And Hosea sent to marry a harlot.

How can such infinite Love

allow such personal tragedy?

And so I fear…

 

But fear of the Lord

is the beginning of knowledge.

And with knowledge comes wisdom,

and with wisdom comes faith.

And with faith comes assurance

that sovereignty is not a fearful word

but is indeed Love.

 

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It’s that time of year again… The time when the so called “learned” Christians among us begin to criticize and ridicule Christmas hymns and songs for “poor theology” as well as poor ignorant Church members for – well – being so ignorant!

I’ve actually seen pastors become visibly angry over a congregation wanting to sing “Go Tell it on the Mountain” or “Joy to the World” before Christmas Day! What are we going to do with them? (These uneducated church members – not the learned pastors, of course…)

One of the most common of songs to raise ire is the favorite “Mary Did You Know?”

“Well, of course she knew”, they cry. “After all, the angel Gabriel told her everything!”

“Plus”, they add, “Her trip to Elizabeth should have been enough proof…”

Ok – let’s think about that for a moment. Those who follow my writing or Bible study teaching know that I am a stickler for two main things – first – context! The context of the scripture must be correct.

My next oft repeated phrase is that the Bible concerns, “Real people, in real events, in real time.” So with that in mind let’s examine what Mary knew – both mentally and emotionally.

In my poem “A New Understanding of Christmas” (written several years before I had children) I say that:

“Was she afraid, so far from home?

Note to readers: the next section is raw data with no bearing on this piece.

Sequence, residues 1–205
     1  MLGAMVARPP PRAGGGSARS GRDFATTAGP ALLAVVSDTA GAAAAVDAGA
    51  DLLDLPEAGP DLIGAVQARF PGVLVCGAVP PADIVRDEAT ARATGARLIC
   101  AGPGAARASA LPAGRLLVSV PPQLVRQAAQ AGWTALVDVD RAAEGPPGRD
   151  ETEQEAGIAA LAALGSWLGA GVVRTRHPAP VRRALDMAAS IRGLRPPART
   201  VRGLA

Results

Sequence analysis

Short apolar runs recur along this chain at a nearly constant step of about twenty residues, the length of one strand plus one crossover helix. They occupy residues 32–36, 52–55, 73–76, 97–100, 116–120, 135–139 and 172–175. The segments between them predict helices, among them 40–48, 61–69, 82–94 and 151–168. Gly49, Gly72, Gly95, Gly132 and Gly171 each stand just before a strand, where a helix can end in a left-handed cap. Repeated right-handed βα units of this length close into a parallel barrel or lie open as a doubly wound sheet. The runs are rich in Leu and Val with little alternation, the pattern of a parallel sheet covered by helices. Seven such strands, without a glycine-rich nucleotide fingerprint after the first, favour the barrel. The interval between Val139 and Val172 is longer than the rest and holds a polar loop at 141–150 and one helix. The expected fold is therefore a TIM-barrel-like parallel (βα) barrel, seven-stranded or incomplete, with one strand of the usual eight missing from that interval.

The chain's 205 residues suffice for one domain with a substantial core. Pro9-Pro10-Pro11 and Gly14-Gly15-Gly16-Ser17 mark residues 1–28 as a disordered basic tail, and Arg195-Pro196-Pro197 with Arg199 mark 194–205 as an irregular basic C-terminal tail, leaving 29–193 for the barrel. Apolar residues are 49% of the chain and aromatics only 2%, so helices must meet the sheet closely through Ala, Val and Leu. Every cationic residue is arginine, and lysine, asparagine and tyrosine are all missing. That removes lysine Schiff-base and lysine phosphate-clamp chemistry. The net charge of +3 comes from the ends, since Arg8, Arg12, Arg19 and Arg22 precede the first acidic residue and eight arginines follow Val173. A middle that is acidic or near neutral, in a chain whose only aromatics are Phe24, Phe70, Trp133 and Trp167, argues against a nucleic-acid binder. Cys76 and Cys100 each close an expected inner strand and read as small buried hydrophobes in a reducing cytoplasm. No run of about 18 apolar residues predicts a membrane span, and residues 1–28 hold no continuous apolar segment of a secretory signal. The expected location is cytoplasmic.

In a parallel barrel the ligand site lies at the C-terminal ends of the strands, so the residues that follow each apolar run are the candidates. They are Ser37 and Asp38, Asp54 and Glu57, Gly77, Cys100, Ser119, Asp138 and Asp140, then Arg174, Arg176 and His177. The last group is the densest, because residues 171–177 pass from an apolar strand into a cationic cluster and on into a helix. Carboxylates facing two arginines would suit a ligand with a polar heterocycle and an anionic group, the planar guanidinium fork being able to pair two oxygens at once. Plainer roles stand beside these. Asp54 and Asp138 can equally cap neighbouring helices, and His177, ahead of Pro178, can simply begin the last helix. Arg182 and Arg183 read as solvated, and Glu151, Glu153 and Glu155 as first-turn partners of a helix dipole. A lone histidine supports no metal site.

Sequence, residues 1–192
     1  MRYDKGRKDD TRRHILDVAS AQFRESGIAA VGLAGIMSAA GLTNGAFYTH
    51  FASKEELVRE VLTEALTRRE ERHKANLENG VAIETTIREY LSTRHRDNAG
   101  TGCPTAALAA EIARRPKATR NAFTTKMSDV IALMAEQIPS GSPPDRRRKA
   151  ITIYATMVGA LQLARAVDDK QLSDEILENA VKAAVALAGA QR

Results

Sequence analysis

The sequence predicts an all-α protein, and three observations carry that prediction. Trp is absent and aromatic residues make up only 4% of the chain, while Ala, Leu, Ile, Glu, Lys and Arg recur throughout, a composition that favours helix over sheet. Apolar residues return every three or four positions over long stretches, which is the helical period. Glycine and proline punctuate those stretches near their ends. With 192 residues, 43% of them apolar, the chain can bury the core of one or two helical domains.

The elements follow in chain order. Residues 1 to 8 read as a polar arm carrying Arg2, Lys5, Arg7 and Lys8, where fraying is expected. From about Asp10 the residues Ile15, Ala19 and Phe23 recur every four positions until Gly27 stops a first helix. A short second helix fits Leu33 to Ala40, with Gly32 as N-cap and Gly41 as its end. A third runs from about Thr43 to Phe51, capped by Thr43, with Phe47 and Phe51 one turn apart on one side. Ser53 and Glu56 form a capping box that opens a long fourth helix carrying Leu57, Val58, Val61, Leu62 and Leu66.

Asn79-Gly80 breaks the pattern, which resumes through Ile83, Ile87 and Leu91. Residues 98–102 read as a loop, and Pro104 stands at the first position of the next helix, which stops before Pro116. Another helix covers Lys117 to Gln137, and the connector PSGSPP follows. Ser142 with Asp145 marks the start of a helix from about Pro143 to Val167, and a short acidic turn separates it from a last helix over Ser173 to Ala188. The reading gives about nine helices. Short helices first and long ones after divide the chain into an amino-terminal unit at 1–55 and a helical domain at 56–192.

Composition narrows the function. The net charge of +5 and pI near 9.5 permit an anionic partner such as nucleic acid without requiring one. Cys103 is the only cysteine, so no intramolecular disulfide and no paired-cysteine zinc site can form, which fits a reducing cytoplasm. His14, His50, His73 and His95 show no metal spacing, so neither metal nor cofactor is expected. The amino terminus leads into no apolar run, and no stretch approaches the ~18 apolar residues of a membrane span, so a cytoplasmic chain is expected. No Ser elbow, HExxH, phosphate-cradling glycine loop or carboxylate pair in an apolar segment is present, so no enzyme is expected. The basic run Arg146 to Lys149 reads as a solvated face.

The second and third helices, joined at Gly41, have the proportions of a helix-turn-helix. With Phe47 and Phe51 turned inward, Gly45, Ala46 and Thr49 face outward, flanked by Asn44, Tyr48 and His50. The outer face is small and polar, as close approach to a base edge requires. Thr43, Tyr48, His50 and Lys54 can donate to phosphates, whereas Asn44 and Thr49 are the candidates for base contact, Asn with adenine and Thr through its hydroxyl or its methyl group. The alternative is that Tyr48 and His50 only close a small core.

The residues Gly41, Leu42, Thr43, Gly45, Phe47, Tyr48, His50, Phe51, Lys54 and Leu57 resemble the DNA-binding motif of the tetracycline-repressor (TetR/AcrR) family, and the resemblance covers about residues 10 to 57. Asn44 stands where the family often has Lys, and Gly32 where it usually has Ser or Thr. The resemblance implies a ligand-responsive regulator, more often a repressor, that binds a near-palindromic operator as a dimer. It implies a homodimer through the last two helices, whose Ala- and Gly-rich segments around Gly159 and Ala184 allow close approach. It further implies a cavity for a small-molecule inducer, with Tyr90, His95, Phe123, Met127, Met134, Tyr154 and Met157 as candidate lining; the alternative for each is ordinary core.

And knowing no more than she must have known,

Was she afraid that Silent Night

Bearing her child with only the light

From the star for assurance

That God was there

In person and prayer

Father and Son as One?”

 

Yes, Gabriel appeared to Mary and told her everything. Mary went to visit Elizabeth and heard an uplifting corroborating word. Yes, and Mary’s “Magnificat” is – well – magnificent in its faith-filled words of praise and submission to God… but… there is such a thing as the emotion of the moment.

And… let’s remember this is a real event, happening to real people, in real time. Mary heard the word from Gabriel. Then almost immediately she traveled to her cousin Elizabeth’s house. She stayed with Elizabeth for three months (whether she stayed until after John’s birth is debatable – personally, I think she did, unless a caravan was leaving for Nazareth and she had to leave sooner.)

Next she arrived back in Nazareth, obviously pregnant… So then we have the “real event” of Joseph’s reaction and his dream assuring him that the baby was, indeed, the Messiah.

And then… nothing…

Not another word from an angel, a dream, or special encounter for six… long… months…